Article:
World Federation of
Science Journalists

Science Media Centre could help non-science reporters out of a jam

March 16, 2009 posted in Sci.Journalism
In a world of shrinking newsrooms and newsroom budgets, science is often covered by political reporters, lifestyle reporters, or general assignment news and feature writers.

The results are sometimes good, but often not pretty at all. Those not-pretty stories can do public damage, and it’s not because the perpetrators don’t care. It’s because they have nowhere to turn for scientific expertise except Google, Wikipedia and the colleague at the next workstation.

Help is on the way for some. A group of Canadian scientists and journalists is planning a Science Media Centre to have backgrounders and experts on call whenever a science story breaks.

One of those planners is Peter Calamai, a science columnist for the Toronto Star, the country’s largest newspaper, and an adjunct professor of journalism at Carleton University in Ottawa. He says, “the whole premise of this is we’re going after general reporters. The Anne McIlroys [the science reporter at the nationally circulating Globe and Mail] of the world aren’t going to need us. And in any case, when expert reporters like McIlroy retire they aren’t being replaced any more.”

photo credits:, World Health Organization

Calamai cites a big Canadian story from December 2007 when a nuclear reactor producing medical isotopes was shut down as a safety precaution by the country’s nuclear safety regulator. At that point a cabinet minister threatened to fire the supposedly independent regulator, and after a noisy public row, she was fired by the Prime Minister himself.

“This whole episode drew entirely speculative and inaccurate reporting, among other things about a ‘meltdown.’ This reactor can’t have a meltdown. But the people reporting it were Parliamentary reporters who didn’t know the difference between alpha, beta and gamma radiation. Most of the reporting was dreadful.”

To bring help to those political reporters, and others thrown ill-prepared into a science story, the Science Media Centre is being planned by a committee headed by the communications vice president of the Centre’s parent organization, the Canada Foundation for Innovation. The planning group includes communications honchos from corporations, the media and universities, one research scientist and Jean-Marc Fleury, the executive director of WFSJ. A six-person advisory committee to the planners is all research scientists.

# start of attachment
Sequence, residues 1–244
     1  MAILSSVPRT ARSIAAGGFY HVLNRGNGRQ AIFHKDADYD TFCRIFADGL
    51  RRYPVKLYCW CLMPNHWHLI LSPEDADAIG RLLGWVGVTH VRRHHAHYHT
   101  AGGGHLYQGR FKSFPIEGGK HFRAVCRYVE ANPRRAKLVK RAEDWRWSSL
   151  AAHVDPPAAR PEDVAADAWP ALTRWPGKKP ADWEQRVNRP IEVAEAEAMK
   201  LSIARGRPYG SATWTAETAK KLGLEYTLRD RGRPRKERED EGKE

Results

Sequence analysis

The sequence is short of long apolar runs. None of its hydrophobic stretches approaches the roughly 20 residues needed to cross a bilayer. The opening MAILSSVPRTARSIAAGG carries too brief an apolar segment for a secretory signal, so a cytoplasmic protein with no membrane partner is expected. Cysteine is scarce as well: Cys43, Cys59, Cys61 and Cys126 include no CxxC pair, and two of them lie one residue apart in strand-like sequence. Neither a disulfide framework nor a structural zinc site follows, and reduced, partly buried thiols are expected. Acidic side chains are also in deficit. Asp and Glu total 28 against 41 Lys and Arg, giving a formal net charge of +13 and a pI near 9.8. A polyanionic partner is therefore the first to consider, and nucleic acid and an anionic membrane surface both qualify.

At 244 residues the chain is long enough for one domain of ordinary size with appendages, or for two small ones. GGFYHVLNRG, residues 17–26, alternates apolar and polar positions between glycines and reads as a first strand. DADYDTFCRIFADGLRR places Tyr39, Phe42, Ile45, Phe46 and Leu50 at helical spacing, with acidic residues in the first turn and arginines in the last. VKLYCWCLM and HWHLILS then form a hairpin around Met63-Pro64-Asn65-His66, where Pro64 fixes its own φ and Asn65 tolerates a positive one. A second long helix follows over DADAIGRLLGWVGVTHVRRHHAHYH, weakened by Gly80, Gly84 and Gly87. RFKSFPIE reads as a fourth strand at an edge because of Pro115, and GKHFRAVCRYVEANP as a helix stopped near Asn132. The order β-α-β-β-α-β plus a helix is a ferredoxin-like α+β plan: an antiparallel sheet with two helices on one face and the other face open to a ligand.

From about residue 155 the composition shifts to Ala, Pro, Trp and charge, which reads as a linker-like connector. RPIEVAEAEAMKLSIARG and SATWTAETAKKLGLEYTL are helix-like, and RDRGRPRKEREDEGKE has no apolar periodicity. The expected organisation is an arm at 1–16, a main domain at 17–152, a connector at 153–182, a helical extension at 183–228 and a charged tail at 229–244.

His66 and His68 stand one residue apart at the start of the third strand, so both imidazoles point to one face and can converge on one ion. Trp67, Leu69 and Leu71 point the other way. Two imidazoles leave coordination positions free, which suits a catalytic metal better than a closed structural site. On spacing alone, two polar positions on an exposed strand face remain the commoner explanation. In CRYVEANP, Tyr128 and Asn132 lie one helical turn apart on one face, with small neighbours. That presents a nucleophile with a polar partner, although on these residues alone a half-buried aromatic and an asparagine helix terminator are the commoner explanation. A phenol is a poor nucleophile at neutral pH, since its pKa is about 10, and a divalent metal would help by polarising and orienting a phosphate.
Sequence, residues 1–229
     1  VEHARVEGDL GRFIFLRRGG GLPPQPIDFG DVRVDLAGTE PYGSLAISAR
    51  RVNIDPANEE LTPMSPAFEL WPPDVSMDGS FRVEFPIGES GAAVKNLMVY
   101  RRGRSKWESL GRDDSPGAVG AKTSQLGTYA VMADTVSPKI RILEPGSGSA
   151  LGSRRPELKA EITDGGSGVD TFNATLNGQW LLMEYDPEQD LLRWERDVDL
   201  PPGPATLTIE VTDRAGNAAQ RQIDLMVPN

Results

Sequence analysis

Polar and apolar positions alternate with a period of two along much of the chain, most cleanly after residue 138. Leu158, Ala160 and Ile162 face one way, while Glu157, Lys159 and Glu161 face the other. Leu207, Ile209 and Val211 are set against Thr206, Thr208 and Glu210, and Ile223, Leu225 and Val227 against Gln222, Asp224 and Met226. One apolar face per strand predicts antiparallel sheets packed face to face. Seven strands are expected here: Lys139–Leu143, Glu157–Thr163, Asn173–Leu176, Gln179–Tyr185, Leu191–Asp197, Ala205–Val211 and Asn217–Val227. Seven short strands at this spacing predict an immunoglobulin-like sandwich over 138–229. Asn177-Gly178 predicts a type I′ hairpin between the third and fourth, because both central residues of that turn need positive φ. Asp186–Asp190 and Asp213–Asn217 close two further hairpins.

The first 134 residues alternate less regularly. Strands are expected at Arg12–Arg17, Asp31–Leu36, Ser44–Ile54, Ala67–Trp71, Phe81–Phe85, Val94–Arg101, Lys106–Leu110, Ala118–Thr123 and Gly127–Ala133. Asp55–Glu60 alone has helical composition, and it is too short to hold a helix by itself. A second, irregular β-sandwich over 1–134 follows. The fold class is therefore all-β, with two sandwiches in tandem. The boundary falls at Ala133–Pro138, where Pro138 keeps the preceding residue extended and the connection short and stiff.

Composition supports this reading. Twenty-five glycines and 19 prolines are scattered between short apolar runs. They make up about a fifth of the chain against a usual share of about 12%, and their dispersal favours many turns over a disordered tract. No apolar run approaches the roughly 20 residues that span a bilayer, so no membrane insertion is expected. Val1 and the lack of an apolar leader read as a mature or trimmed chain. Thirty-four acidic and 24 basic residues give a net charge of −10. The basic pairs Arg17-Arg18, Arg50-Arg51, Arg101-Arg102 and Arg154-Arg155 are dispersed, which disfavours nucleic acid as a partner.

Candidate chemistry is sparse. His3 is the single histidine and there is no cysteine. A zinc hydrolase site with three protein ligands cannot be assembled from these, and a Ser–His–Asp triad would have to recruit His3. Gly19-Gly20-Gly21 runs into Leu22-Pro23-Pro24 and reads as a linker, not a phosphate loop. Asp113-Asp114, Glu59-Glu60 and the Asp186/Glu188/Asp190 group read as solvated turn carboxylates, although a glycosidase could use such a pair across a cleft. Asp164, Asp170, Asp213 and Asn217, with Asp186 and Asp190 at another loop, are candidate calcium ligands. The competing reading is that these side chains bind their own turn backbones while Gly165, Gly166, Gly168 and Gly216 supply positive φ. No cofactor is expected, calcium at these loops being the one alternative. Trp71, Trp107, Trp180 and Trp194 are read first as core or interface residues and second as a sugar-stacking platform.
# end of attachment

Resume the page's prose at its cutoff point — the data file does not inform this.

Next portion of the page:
Calamai, who teaches science reporting as well as writing it, has a long list of horrible examples. One was a recent outbreak of listeriosis traced to a major meat-packing plant in Toronto. “In the bulk of the stories it wasn’t clear that listeria [the bacteria causing the disease] is all around us. If you walk down the street, you’ve got listeria on your shoes. The risk is getting it into something and allowing it to grow,” Calamai says, but that dimension of the story was largely ignored in the reporting.

“Stories on the ‘threat’ of radiation damage from cellphone towers are written by people who don’t know the difference between ionizing and non-ionizing radiation,” he says. “Most reporters are arts and social science graduates,” ill-equipped to ask questions about control studies or the influence of context on statistics.”

“The average reporter can be flim-flammed by any protest group or government spin doctor.”

Once the Science Media Centre is up and running, it would have staff – and bring in outsiders – to provide background, and “suggest the obvious angles” that should be covered in a breaking science story.

Top of mind among those planning the Centre is the very practical matter of “an introductory workshop on handling numbers and statistics.” Not free, but on “a cost-recovery basis,” it will be offered to media outlets and any group of reporters who request it. Follow-up workshops would provide tools for interpreting more complex scientific data, “especially where competing claims are being made.” The future could also hold courses on reporting scientific, medical and environmental topics.

If a story suddenly blows up, says it could respond within half an hour with contacts for key experts, URLs for reliable web-based information, pointers to YouTube sites or blogs of individual scientists. Also, “We plan to have concise, plain-language fact sheets already prepared for many hot topics or issued within 24 hours,” the website says.

When a significant science story breaks or is scheduled to unfold, the Centre plans media briefings with experts “streamed on the web in real time and archived online” along with teleconferencing, Skype, and videoconferencing from universities and research institutions across the country.

Similar science media back-up organizations are already operating in the U.K., Australia and New Zealand. The Canadian ground was prepared in part by a management consultant firm which surveyed a large sample of journalists, scientists and science research managers in approximately equal numbers. To no one’s surprise, almost everybody thought a Science Media Centre was a good idea.

The Centre will be the topic of a workshop and panel discussion at the Sixth World Conference of Science Journalists in London this summer. Reps from all four centres “will look at the nuts and bolts of setting up a centre and running it,” Calamai says.

Besides bolstering reporters, the Centre is also mulling “Journalism 101 for Scientists,” a course to help bridge the frustration gap from both sides of the divide, a “chance to really understand how the media thinks and operates, warts and all,” the website says.

And of course, “A desirable corollary would be ‘Science 101 for Journalists.’”

Science Media Centres


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